This green and pleasant land

From Constable to Nash, painters have used the British countryside to reflect the nation's identity. Now the landscape itself is under threat, how are today's artists responding? By Andrew Motion

"Landscape has become a luxury." So writes David Dimbleby in the catalogue for the new Tate exhibition A Picture of Britain, setting the tone for his accompanying six-part television series on BBC1. It's a perfectly sensible observation, but as the opening gambit in such an ambitious collaboration, it leaves something to be desired. Ever since the Romantics roughed up received ideas of the picturesque, and gave an equal weight to the values of beauty and fear, artists of every kind have tended to agree that "God made the country, and man made the town". Landscape has long been accepted as the place we go to be reminded of what is fundamental in our human natures. We expect it to bolster recovery and provide stability. We assume its beauties are salubrious, and its truths eternal.

Structurally speaking, the show conforms to Dimbleby's amiable model. The pictures are arranged by region, and each is introduced in ways that revive familiar echoes: the north is "the workshop of the world and the wilderness", the Highlands and glens are symbolic of a threatened and then affirmed national identity, the Cotswolds are a pastoral idyll, and the west (especially Wales) is "mystical".

That's all fair enough, and there are plenty of images to prove the point: Lowry's matchstick people, Landseer's Monarch of the Glen, Herbert's Laborare est Orare and David Cox's A Welsh Funeral. Many of these are exceptional, and hanging them together in such profusion will no doubt please the crowds. We see a Britain that is either green and pleasant, made diligent by cottage industries, or befouled by factories. We find people who are either securely at home in their place, or uprooted to a greater or lesser extent. And we follow the presentation of these things from the pre-Romantic to the modern without much variation in terms of point of view, no matter how much we might also notice the evolutions in artistic method and technique.

But here's the problem: the show is more concerned with gratifying existing tastes than it is with making new connections. It doesn't attempt to show how these great pictures might change their meanings in the context of our uniquely configured present.

Our views about the environment, which are so much more anxious than they were even a generation ago, mean that we look on landscape today as something fragile, deserving of our profound respect and care. How can we undo the damage that we've done? How can we safeguard its long-term survival? In the face of such questions, to describe our country visits as merely "a luxury" seems painfully (and potentially destructively) self-centred.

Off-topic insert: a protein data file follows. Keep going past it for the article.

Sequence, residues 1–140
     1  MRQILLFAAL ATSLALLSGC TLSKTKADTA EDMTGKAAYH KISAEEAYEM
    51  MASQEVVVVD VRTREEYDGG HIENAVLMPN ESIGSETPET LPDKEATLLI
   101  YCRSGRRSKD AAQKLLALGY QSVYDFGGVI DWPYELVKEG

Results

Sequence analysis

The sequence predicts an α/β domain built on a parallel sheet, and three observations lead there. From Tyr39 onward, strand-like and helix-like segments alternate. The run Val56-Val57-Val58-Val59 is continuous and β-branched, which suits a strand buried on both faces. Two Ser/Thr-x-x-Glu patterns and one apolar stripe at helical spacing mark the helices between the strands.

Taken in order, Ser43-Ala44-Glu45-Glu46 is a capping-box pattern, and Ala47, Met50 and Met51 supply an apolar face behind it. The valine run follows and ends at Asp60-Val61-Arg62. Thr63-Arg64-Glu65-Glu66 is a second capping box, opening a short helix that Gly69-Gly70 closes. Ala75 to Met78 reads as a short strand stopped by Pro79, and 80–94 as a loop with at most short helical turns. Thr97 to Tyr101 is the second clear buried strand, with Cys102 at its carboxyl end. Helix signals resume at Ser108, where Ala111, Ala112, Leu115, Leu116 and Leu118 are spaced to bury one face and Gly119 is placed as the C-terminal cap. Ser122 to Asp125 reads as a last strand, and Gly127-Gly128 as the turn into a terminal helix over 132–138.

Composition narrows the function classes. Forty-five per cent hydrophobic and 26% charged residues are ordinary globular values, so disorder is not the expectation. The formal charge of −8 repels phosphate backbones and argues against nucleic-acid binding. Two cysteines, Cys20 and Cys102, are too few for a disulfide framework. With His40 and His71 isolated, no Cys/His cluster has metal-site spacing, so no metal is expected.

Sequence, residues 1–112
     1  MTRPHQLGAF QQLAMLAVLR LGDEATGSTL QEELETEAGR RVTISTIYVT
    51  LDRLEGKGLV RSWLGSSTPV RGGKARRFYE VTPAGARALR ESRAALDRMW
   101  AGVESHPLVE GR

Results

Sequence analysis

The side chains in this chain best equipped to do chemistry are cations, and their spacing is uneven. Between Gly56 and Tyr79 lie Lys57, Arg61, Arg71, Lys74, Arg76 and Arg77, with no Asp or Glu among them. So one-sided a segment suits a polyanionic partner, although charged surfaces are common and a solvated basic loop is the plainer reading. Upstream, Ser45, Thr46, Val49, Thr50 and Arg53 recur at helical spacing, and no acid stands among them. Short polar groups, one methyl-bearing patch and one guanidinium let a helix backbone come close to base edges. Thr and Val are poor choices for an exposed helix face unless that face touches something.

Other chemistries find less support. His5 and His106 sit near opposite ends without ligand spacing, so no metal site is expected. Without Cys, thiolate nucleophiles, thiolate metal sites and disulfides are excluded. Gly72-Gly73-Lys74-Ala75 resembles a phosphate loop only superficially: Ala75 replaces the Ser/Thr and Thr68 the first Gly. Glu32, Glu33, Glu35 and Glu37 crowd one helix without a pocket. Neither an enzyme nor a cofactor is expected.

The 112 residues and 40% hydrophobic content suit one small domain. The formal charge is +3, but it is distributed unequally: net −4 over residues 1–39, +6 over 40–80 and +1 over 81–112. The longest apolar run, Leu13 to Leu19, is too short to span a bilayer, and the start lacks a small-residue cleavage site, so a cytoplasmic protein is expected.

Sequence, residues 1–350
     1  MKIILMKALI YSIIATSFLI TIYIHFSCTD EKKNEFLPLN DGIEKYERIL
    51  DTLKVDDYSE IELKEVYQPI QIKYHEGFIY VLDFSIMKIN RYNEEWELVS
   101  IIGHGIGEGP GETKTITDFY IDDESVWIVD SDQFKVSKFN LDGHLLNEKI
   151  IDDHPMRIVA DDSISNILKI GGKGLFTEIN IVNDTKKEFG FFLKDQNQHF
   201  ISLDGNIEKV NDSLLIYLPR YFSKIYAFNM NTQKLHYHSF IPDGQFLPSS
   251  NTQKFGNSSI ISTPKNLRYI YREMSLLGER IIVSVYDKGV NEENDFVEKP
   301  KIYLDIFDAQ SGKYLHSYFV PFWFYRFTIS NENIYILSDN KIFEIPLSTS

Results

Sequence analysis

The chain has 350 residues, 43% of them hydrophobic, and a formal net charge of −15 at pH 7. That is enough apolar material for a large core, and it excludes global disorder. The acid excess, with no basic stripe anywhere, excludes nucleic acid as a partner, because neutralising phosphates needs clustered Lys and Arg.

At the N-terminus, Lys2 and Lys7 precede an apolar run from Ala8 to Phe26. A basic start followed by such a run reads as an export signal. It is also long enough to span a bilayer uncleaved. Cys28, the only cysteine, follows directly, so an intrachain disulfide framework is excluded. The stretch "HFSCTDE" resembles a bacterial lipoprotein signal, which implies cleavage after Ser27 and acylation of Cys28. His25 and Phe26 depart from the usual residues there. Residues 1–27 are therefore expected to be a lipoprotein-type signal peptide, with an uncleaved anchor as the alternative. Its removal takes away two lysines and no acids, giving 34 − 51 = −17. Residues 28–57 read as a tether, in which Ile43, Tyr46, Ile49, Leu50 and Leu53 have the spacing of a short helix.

Moreover, it's a concern that triggers other questions, such as those of ownership. New rambling laws are one thing, and welcome. But what about the widening gulf between the way the countryside wants to run itself, and the way that townie law-makers decide how they should go about it? What about the large percentage of the (often non-white) population who feel the countryside is a no-go area? What about the kinds of building that the National Trust and such bodies think are worth saving as "heritage"? (There have been a lot of brave attempts to widen the franchise recently, but there's still a long way to go.)

All these questions converge on another issue, which haunts Tate Britain's show without ever quite coming into focus: how do these pictures fit into our continuing debate about British identity? As far as our past is concerned, they tell us a good deal. The regional structure reminds us that particular areas were indeed held to reflect particular beauties and fears, and yet were often interpreted to conjure a sense of harmony through the whole. The scenes provide an almost infinite variety of responses - ranging from spiritual reflectiveness, through heroic ingenuity and put-upon labour, to complacent possession. But they also assume links between these things. They are an archipelago of views that reflect the geography of the nation.

The greatest painters show all these things at once. Turner, for instance, fizzes from place to place like a Catherine wheel that has broken free of its stake, scattering gold sparks that are sometimes celebrations, sometimes warnings, sometimes transcendencies. Constable, on the other hand, fulfils his ambitions by staying local (he called the Dutch landscape masters he admired "a stay-at-home people, hence their originality"). Quite rightly, he is the hero of the "Flatlands" section, and - also rightly - David Blayney Brown deals in his catalogue essay with the thousands of ways in which Constable is an accurate "natural" painter (all those slimy old posts) and a master elegist. Taking his lead from Gainsborough (especially his great Cornard Wood), Constable seems to show things as they appeared to his eye, while in fact grieving for a just-gone time - for his boyhood, and for the old local order that was associated with his father's business.